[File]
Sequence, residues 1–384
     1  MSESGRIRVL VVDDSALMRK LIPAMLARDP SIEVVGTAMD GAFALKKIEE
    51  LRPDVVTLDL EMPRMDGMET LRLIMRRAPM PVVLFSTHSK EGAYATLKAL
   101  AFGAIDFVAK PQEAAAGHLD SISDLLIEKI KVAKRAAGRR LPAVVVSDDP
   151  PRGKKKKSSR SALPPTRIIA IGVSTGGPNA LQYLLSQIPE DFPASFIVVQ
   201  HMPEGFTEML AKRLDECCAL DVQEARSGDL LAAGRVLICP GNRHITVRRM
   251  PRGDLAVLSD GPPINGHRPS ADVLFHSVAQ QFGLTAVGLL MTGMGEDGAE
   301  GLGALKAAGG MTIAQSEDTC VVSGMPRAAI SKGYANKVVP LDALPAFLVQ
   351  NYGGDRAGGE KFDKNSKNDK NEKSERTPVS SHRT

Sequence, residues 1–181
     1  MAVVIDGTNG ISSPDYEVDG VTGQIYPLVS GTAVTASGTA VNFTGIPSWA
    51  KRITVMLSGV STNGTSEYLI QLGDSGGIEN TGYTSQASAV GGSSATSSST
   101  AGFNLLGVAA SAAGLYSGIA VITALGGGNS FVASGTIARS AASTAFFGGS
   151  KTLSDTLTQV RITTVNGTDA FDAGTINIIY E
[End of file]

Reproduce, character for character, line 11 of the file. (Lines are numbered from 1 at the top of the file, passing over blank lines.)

     1  MAVVIDGTNG ISSPDYEVDG VTGQIYPLVS GTAVTASGTA VNFTGIPSWA